Dementia is one of the major causes of disability and dependency among older people worldwide. This condition is marked by progressive cognitive decline that is not a normal part of ageing. According to the World Health Organisation, around 50 million people have dementia globally, and there are nearly 10 million new cases every year. There are many causes behind this condition including genetics, lifestyle habits and environmental pollution. Now, researchers from the University College London (UCL) in the UK say that people who have experienced post-traumatic stress disorder (PTSD) are up to twice as likely to develop dementia later in life. For the study, published in the British Journal of Psychiatry, the researchers analysed findings from 13 studies conducted on four continents on PTSD and dementia risk.
Traumatic experiences can impact brain health
According to them, this study provides important new evidence of how traumatic experiences can impact brain health, and how the long-term effects of trauma may impact the brain in many ways increasing vulnerability to cognitive decline and dementia. The research team included data from a total of 1,693,678 people, investigating whether a PTSD diagnosis was associated with increased risk of dementia up to 17 years later. By pooling data from eight of the studies, the researchers found that people with PTSD faced a 61 per cent higher risk of dementia.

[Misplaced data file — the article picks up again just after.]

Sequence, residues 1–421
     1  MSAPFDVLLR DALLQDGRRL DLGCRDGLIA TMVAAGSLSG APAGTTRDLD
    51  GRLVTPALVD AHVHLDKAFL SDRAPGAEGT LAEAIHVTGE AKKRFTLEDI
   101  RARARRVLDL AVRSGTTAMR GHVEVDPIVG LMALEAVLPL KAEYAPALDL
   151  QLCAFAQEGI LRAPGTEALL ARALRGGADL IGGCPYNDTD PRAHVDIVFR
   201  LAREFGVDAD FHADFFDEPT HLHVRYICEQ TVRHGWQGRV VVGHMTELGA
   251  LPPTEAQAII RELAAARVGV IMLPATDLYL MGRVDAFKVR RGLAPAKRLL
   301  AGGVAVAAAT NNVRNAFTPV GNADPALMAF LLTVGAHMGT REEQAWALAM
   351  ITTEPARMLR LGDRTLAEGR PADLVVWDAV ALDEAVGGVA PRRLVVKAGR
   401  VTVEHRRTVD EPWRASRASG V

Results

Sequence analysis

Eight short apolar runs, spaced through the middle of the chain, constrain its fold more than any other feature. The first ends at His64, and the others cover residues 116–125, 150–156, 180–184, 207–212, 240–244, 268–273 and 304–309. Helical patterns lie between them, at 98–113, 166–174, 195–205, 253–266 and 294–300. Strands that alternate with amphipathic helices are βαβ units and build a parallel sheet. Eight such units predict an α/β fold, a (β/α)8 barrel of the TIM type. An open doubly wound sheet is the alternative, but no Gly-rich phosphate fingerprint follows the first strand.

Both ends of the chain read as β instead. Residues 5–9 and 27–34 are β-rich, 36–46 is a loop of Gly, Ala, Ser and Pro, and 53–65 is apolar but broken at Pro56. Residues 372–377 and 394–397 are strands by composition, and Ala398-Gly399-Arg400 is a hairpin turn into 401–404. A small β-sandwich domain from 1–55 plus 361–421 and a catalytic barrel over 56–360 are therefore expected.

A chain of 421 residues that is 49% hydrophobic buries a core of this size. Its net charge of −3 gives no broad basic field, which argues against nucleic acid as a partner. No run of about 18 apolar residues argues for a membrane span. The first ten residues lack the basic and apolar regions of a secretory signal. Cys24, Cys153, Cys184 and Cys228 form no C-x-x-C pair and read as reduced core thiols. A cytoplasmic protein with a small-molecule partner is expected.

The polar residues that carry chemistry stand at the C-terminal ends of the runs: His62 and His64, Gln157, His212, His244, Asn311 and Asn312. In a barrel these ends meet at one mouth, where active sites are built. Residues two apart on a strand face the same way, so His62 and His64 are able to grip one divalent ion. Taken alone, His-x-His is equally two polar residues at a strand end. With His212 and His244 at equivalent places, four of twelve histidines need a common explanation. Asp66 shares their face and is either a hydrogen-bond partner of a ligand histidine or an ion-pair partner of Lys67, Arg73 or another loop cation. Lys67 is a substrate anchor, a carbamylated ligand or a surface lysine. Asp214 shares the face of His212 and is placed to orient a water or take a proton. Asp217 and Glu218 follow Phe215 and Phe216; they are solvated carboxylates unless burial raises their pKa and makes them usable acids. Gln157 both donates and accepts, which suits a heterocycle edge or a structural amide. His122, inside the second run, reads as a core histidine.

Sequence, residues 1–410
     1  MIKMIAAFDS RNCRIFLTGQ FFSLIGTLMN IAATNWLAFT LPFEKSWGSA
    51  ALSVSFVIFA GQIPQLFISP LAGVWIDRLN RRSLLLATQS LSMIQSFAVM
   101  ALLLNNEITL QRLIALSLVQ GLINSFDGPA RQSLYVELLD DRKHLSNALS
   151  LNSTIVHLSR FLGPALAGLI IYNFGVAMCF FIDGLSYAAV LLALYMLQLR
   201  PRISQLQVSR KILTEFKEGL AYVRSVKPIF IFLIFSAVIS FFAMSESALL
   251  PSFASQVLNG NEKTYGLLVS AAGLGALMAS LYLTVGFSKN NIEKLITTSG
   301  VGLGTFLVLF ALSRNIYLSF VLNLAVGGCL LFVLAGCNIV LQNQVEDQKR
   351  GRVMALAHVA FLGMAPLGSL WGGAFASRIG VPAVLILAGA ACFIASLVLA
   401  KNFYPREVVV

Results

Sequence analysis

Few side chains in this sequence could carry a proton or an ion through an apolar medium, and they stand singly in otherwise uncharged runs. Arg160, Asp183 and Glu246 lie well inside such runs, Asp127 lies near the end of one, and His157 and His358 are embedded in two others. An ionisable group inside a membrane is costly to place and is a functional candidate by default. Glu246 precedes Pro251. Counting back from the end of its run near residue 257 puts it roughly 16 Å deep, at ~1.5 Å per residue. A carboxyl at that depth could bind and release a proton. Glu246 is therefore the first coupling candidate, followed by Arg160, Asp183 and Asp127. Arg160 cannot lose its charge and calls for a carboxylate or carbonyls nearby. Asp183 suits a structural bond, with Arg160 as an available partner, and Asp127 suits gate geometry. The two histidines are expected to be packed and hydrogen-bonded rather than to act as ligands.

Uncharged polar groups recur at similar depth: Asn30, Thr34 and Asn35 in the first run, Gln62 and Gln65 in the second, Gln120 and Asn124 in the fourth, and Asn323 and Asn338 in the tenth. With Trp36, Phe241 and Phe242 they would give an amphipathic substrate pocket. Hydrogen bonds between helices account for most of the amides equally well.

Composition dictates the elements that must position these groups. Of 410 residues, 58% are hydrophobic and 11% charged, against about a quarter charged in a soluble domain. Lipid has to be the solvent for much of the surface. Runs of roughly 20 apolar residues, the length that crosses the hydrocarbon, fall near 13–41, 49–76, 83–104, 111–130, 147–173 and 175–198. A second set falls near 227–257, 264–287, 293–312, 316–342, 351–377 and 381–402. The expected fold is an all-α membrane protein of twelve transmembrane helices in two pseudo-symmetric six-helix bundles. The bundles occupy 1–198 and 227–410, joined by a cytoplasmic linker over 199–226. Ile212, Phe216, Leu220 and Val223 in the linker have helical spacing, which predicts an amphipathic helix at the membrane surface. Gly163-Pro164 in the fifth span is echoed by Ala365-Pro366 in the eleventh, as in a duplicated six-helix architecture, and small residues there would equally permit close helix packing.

PTSD also ups other risk factors of dementia
Analysing data from two studies that used different methods, they found that PTSD was associated with double the odds of developing dementia. The researchers say the risk could be higher than the studies suggest, as PTSD also increases the likelihood of developing other known dementia risk factors, such as depression, social isolation, or elevated alcohol intake. Most of the studies adjusted for some of these factors, so the overall findings might underestimate the true cost of PTSD. It remains unclear how PTSD raises dementia risk, but the researchers say it may be related to hypervigilance and recurrent re-experiencing of trauma, contributing to threat and stress-related activity in the brain, while withdrawal from social life may reduce cognitive reserve and resilience. The findings of this study add to a growing body of evidence that dementia can sometimes be prevented by addressing risk factors throughout an individual’s life course.
Dealing with PTSD
Post-traumatic stress disorder is caused by any kind of trauma. Accidents, abuse, violence and war can trigger PTSD symptoms, which can have an effect on the day-to-day functions of a person. If you have this condition, you need medical treatment. But you can also try to cope with the symptoms and bring down your stress with a few natural ways. Regular exercise and a healthy diet will help. You may also go in for mindful medication and aromatherapy. The later is especially helpful in dealing with the stress and tensions that arise because of PTSD. Other methods to deal with this condition is to keep a pet. Pets can help you get relief from symptoms as has been proved by research.
(With inputs from IANS)
Published : September 17, 2020 11:48 am | Updated:September 17, 2020 11:54 am